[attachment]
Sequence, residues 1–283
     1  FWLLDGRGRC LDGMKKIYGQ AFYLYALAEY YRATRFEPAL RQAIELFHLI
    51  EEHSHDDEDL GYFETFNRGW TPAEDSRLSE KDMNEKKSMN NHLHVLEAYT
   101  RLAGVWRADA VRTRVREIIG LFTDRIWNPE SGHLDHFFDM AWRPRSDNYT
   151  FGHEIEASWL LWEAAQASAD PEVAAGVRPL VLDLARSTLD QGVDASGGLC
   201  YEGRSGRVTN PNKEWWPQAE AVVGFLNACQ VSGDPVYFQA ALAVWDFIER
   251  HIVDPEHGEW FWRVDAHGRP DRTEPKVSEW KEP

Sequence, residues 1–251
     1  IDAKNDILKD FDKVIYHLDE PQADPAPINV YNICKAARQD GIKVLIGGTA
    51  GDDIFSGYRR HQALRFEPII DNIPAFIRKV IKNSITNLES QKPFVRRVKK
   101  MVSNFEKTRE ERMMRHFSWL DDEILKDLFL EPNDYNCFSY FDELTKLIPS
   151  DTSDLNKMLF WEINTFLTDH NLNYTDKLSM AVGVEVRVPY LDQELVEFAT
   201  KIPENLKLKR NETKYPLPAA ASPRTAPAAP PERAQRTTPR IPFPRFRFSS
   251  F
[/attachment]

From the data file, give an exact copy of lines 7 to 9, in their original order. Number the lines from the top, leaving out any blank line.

   251  HIVDPEHGEW FWRVDAHGRP DRTEPKVSEW KEP

Sequence, residues 1–251
     1  IDAKNDILKD FDKVIYHLDE PQADPAPINV YNICKAARQD GIKVLIGGTA